The value of residential mortgage lending in Q4 2018 was 3.3% higher than in the same period the previous year, the latest data from the Bank of England (BoE) and Financial Conduct Authority (FCA) showed.
Residential lending stood at £1,44bn in Q4 for 2018 and the value of new mortgage commitments was £68bn – 4.6 higher than a year earlier. The value of gross mortgage advances grew 5.5% in the year to 2018 Q4, to £72.9bn.
There were signs that borrowers are ignoring the economic uncertainty in the UK and taking advantage of the availability of high loan to value (LTV) mortgages, as 4.4% of mortgages advanced in Q4 had LTV ratios exceeding 90%, compared to 3.8% a year earlier.
The proportion of lending at more than four times individual borrowers’ annual income remained at 46.9% in Q4 – its highest value since the BoE and FCA began publishing quarterly residential mortgage lending figures in 2007.
The share of lending for remortgage was 1.4% higher than a year earlier, at 31.1%, while the share for house purchase was one per cent lower, at 63.5%.
As a component of lending for house purchase, the percentage of lending to home movers fell 0.9% in the year to Q4, to 29.7% of gross advances.
The other two components were broadly unchanged in the year with 21.2% of lending to first-time buyers and 12.5% for buy-to-let purchases.
Cheap borrowing trumps uncertainty
Keith Haggart, managing director at lifetime mortgage provider Responsible Lending, said: “Buyers are stuffing their pockets while they can, with the proportion of high loan-to-income loans higher than at any time since 2007.
“Low interest rates are responsible for this, and cheap borrowing continues to trump economic outlook when it comes to borrowers’ appetite to forge ahead.
“Remortgages are taking an increasing slice of the pie and that’s to be expected because we already know transaction volumes remain on the floor by historic standards.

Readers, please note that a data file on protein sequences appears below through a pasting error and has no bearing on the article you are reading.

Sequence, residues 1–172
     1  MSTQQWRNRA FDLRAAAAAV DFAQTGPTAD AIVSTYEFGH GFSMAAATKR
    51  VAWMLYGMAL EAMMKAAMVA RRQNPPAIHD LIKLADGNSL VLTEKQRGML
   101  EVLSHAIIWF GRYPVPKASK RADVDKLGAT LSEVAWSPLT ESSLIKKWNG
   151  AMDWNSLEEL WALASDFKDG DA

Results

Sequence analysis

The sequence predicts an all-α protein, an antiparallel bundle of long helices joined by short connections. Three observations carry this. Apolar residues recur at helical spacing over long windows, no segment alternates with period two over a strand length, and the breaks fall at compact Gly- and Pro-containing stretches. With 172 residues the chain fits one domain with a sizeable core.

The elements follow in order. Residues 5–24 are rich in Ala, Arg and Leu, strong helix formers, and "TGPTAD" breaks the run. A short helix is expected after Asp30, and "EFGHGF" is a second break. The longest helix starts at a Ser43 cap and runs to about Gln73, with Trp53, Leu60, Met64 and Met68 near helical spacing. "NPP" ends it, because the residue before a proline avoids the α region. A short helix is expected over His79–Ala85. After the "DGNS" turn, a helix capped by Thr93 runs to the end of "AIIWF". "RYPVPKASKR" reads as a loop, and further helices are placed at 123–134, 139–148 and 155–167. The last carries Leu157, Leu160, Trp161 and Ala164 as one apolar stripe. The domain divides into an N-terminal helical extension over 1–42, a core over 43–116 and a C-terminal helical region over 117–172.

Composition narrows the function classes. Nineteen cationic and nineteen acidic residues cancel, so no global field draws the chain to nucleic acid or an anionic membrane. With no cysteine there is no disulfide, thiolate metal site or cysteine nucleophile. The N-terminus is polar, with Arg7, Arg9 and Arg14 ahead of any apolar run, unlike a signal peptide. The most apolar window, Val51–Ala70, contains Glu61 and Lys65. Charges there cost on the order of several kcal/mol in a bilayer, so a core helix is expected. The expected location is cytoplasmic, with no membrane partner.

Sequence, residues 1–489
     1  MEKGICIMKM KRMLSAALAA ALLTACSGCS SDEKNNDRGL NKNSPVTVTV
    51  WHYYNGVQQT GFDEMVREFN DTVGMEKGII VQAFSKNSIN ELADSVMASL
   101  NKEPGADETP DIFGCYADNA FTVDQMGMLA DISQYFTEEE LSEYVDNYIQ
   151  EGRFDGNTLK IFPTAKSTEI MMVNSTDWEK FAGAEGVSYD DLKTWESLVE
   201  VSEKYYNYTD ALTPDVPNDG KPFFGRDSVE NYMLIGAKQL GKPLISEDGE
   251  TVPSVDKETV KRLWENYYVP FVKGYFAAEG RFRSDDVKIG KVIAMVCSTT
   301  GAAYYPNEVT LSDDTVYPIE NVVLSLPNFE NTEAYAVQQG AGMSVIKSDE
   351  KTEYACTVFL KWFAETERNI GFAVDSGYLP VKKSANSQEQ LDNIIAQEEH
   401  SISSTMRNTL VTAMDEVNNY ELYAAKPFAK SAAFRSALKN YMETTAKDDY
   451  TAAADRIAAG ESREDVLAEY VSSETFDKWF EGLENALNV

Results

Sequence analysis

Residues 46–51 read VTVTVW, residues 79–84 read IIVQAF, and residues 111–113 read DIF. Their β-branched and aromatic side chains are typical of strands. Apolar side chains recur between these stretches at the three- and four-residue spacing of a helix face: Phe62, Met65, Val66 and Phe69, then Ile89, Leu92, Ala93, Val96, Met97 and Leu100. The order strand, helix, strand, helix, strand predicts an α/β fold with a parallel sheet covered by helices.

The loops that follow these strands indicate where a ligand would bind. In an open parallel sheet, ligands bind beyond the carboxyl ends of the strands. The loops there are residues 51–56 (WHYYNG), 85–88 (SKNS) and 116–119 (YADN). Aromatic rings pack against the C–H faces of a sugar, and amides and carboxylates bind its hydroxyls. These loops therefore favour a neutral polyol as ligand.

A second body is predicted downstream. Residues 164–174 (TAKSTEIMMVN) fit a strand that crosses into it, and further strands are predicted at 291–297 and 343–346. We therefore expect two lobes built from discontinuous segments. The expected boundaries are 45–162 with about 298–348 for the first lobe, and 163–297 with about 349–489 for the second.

“Volume of sales will have to improve before this trend moves back in the other direction but it is owner-occupiers whose activity remains sluggish. First-time buyers have not been deterred from the market at all. They are going to be on the ladder for longer and clearly believe property is still a rock solid investment over the long term.”
Arrears fall slightly
The value of outstanding balances with some arrears fell slightly in Q4 to £14.4bn. As a proportion of total balances it has remained at one per cent.
Mark Pilling, Spicerhaart Corporate Sales managing director, welcomed the latest figures on arrears but said: “It is good news that arrears remain historically low, but there is a danger that people could start to struggle, post-Brexit, with predictions from Kensington this week that a no-deal Brexit could see arrears rise by a third.”
“Arrears and repossessions – currently at a 40-year low – remain low, not necessarily because people are no longer experiencing financial difficulties but because lenders are now doing everything, they can to help borrowers who are struggling or may struggle in the future to avoid going down the repossession route.”